Prickly visitor saved

Firefighters attending to the trapped porcupine. Kneeling is Jason Bond with Cicil Diamond next to him.

A Silverglades man found himself in a prickly situation when he found a porcupine stuck in a stormwater drain.

Willie Nel was busy beautifying the greenbelt in the area near his home on Friday August 17 when he found a porcupine stuck in a drain at the end of The Glade Road.

Mr Nel said the porcupine was making a sound similar to that of his Weed Eater and that is what led him to the drain.

Not knowing how to get the porcupine out of the drain, he called his neighbour, chairman of the Fish Hoek Community Police Forum (CPF) Andre Blom.

Mr Blom realised they would not be able to free the porcupine on their own and started calling around for some help.

His first call was to the SPCA but they told him they could only handle wild animals on instruction from Cape Nature. He then tried to call Cape Nature but could not find an after hours number for them.

Mr Blom said he then called around some more, and half an hour later the Fish Hoek fire brigade arrived and freed the porcupine.

Mr Blom said the porcupines had been visiting the area and the greenbelt regularly since he had moved to Silverglades in 1990.

However, he said, they usually visited at night and he suspected that this porcupine had been looking for food during the night and had then found itself in a “prickly situation” in the stormwater pipe.

The Cape porcupine also known as the South African porcupine is the largest rodent in Africa and can weigh up to 20kg. It eats mostly plant material such as fruits, roots, bulbs, and bark.

They are heavily built animals, with stocky bodies, short limbs, and an inconspicuous tail. The body is covered in long sharp spikes or quills and the rest of its body is covered with bristly black and white fur.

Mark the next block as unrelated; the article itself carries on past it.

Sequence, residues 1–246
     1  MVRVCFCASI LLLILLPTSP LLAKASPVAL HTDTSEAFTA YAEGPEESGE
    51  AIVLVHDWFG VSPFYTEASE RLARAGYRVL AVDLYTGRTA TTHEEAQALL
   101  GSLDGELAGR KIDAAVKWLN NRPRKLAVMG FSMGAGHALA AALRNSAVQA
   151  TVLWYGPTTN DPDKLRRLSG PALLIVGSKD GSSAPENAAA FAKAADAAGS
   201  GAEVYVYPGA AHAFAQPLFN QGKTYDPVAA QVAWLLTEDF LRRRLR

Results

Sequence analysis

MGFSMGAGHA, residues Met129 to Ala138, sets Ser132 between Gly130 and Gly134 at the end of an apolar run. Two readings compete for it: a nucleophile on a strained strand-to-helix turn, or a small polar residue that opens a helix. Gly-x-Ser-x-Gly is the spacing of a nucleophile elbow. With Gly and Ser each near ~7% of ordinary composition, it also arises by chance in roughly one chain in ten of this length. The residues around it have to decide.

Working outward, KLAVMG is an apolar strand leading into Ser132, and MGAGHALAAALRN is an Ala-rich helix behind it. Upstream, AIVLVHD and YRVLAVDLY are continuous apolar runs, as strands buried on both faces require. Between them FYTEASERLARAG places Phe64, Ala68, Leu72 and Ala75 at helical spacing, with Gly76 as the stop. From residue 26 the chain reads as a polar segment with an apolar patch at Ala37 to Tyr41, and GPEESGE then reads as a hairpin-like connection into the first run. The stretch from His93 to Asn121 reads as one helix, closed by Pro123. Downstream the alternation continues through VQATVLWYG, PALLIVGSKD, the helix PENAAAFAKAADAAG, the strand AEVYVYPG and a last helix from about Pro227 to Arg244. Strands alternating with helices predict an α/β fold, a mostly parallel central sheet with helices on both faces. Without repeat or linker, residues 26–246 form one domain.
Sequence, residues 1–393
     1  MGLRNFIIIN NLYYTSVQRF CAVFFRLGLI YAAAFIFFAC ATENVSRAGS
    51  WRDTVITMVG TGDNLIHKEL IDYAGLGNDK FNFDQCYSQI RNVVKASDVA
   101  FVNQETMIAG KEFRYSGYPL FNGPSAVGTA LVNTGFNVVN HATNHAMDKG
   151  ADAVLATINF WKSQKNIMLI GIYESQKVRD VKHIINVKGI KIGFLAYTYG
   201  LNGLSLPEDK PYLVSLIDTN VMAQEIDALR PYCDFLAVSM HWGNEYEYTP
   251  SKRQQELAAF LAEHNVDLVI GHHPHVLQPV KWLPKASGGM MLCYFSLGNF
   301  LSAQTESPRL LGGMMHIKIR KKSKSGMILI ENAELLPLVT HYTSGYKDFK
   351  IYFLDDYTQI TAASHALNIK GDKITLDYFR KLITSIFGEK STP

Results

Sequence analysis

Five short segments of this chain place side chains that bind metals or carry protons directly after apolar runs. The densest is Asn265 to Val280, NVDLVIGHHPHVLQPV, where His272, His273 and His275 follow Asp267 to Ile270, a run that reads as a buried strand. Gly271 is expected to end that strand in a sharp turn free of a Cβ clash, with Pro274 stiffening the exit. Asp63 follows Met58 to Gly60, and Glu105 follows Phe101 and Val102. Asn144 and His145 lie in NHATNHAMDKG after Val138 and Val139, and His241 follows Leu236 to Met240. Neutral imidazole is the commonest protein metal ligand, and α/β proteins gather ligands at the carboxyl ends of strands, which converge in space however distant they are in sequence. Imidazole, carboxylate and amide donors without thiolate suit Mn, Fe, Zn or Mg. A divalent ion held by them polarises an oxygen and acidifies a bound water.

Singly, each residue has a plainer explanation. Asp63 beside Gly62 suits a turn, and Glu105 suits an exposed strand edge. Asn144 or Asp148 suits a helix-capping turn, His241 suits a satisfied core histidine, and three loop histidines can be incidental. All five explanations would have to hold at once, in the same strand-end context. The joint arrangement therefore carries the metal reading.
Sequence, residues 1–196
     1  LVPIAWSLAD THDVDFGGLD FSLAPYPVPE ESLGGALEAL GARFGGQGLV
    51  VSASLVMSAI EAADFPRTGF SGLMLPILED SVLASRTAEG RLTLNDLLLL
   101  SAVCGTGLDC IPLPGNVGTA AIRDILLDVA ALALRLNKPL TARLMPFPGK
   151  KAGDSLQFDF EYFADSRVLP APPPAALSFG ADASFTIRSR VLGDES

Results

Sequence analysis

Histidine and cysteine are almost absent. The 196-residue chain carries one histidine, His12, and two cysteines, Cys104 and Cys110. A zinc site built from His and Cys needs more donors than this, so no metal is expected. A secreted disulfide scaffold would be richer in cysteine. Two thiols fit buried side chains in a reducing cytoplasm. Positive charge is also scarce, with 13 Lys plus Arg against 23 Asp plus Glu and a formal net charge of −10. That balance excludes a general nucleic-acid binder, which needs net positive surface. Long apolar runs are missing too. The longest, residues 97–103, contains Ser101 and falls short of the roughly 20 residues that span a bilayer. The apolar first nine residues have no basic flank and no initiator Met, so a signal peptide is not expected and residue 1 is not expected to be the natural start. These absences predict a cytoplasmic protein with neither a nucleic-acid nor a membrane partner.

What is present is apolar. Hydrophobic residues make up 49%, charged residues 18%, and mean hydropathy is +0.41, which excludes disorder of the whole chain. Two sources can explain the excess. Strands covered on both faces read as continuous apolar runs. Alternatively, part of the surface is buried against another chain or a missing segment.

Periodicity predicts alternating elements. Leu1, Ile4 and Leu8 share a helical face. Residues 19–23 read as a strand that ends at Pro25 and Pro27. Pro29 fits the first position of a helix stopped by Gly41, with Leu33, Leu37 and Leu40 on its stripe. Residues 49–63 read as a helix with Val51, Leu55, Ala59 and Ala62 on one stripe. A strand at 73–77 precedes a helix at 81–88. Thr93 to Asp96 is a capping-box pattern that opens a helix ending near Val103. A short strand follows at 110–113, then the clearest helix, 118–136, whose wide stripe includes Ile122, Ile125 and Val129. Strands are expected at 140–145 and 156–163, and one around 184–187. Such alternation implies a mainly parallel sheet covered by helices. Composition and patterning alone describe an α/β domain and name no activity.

Fire station commander, Jerome Carelse, said they often helped the SPCA with animal rescues. Cats stuck in trees were the most “popular rescues”.

Mr Carelse said they had arrived in Silverglades at 5.15pm and
Firefighters had opened the drain and helped the porcupine to turn around and guided it out of the drain pipe.

SPCA spokesperson, Belinda Abraham, said the SPCA had a dedicated team of inspectors who dealt with wildlife-related calls and they had a short-term care facility for wild animals.

However, she said there had been a misunderstanding when Mr Blom had called, as the person who had taken the call had mistakenly thought the porcupine needed to be relocated.

“We explained to Mr Blom that porcupines use stormwater drain systems as underground ‘roadways’ to travel extensive distances without having to run across busy roads. The SPCA doesn’t interfere with healthy wild animals that are roaming around urban areas without good reason,” she said.

Ms Abraham added that Mr
Blom had been given a wildlife inspector’s cellphone number and advised to call the inspector should the porcupine not move off on his own after dark.

* For animals in distress, call the SPCA at 021 700 4158/9 during office hours or 083 326 1604 after hours.

At the time of going to print
Cape Nature had not responded to enquiries about an after hours number. However, they can be contacted at 087 087 8250, or email